Monday, January 05, 2009

Being Patriotic.

Decisions, decisions! What should we do? Should we spend, or should we save? Our Prime Minister is imploring us to throw caution to the wind, and borrow shedloads of money, and spend it. If I don't, I'll be sneered at as a heartless, 'doing-nothing', irresponsible person, not suitable for public office. He tells me that I shouldn't worry about repaying the borrowing, because we have 4 children to whom we can bequeath the debts. "Look at me", says Gordon Brown. "No Prime Minister in history has ever borrowed as much as me. I must therefore be the greatest.". And I daresay he could add that if my bank were to ask too many questions, I should fiddle - sorry adjust - my farm accounts to keep some of my larger borrowings off the balance sheet. And then I could tell my bank manager that all my neighbours borrow far more than I do, so he shouldn't worry - whether its true or not. He'll add that if I say it often enough, my bank will swallow it.

So I've just been looking at websites of treadmill and fitness equipment suppliers. I must spend, but also do my bit to justify all these Government millions that have been spent on a massive advertising campaign to combat obesity. I saw a two page spread in yesterday's Mail on Sunday, and thought it was an utterly daft and pointless waste of public money. And then I need to do something special in 2009 to help the Government meet its carbon footprint reduction target. Being a responsible citizen in Brown's Britain is very complicated. If I go ahead and order, I'll be delivering for Britain on three fronts - spending recklessly, providing justification for pointless advertising and cutting back on car use by ending our visits to fitness centres - hope it doesn't put it out of business!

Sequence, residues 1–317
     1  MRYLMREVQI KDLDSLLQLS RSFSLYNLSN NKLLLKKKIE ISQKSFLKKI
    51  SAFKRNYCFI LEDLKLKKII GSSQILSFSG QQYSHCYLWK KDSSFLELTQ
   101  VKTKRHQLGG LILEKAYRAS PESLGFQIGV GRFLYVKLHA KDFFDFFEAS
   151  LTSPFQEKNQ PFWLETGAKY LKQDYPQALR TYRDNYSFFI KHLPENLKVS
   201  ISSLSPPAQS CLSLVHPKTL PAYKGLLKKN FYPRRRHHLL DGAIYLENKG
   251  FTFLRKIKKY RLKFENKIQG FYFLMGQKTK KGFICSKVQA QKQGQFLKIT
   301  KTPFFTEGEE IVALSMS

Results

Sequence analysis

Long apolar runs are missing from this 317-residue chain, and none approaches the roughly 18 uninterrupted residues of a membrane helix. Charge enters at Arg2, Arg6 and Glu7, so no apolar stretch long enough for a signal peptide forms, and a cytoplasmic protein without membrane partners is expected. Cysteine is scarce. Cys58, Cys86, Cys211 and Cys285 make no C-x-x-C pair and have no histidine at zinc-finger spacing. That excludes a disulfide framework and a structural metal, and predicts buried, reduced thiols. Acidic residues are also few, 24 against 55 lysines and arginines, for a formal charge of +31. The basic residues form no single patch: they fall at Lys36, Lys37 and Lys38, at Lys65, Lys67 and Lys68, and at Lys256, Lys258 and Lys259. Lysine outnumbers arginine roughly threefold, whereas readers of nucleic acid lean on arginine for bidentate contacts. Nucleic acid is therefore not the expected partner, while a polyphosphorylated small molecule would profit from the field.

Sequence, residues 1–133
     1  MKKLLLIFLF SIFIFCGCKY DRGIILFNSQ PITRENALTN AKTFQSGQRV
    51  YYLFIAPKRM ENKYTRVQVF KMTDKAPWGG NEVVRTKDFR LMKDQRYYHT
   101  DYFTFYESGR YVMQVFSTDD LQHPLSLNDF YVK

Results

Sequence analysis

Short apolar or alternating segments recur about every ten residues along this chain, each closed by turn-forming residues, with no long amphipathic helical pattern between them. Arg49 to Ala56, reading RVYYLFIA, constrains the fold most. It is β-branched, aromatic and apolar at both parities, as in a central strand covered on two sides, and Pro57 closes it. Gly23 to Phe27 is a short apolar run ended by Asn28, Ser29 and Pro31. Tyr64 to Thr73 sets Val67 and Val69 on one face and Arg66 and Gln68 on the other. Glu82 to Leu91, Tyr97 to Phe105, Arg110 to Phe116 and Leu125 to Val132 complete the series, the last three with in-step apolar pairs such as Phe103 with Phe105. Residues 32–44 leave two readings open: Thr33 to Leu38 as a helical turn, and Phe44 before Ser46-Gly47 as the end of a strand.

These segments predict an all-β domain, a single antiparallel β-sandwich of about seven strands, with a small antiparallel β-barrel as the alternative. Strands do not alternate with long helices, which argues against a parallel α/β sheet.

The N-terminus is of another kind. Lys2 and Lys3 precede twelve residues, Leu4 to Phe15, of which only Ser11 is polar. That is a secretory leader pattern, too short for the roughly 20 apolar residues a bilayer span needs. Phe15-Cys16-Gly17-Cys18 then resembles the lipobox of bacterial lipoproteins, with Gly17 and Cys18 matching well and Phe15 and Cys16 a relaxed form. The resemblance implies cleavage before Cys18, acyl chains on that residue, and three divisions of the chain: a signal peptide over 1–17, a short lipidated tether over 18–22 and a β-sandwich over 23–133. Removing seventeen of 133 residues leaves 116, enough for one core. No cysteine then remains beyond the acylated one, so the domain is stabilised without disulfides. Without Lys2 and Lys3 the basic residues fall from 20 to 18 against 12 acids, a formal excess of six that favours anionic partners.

I was on the point of ordering when I read this on the BBC website. David Cameron sees virtue in 'saving'. I used to agree with this myself, but have tried to avoid using this word for months, because I didn't want our Prime Minister accusing me of being 'unpatriotic'. The more I've read about what David Cameron has been saying, the more I like it. Those things which I thought important, and have tried to pass on to our children as virtuous could be coming back into fashion. Encouraging people to save rather than spend everything. Being responsible about budgeting and not always looking to Government for the answer. Letting people keep more of their own money, so that they can decide how to spend it themselves. Government spending being restrained to sustainable levels, not expanding exponentially, squeezing out the private sector. And then there's this thing called a National Loan Guarantee Scheme (and £50 billion is big money) which will enable my bank to consider whether it should lend me the money I need. Plus lots of other things to get the economy moving. In fact its made me feel so much better that I may buy myself a treadmill to celebrate.


Anonymous said...

The guys a t**t, those in their 40's will have their pensions bitten into by some Labour scheme or other to recover the money, while those who do nothing for society, they will reap the rewards

Anonymous said...

"The more I've read about what David Cameron has been saying, the more I like it."

I bet he'll be pleased.

Anonymous said...

The general idea seems to be to make saving so unattractive we all opt to spend it instead. I suppose this makes sense, but it rather ignores the fact that the savings rate is already low, with many households hopelessly overindebted. The savings that still exist aren't generally there because of lack of alternate uses for the cash. They have been put by for a purpose. If the interest rate goes much lower savers will start to get very nervous about returning inflation. The bad news however is that these days there are no havens of safety that also offer decent returns.

Anonymous said...

It would be more convincing if Cameron had taken all that money from the investment banks whose reckless behaviour got us in this mess.

Oh no, hang on, I got it wrong. It's alright. He's getting advice from the Shadow Chancellor's office... who funded the Shadow Chancellor's office?

Yes, you guessed, investment bankers. Oh, we really are in trouble now.

Anonymous said...

Unfortunately, David Camerons' idea will favour only the few who have saved more than the "average". Those of us with only small savings will benefit by only a few pence, certainly not enough to rush out and have a spending spree.
Brown just wants us all to borrow and spend, Cameron wants us to save and spend.
No sense to either idea!!

Glyn Davies said...

Anon 2 - I hope so.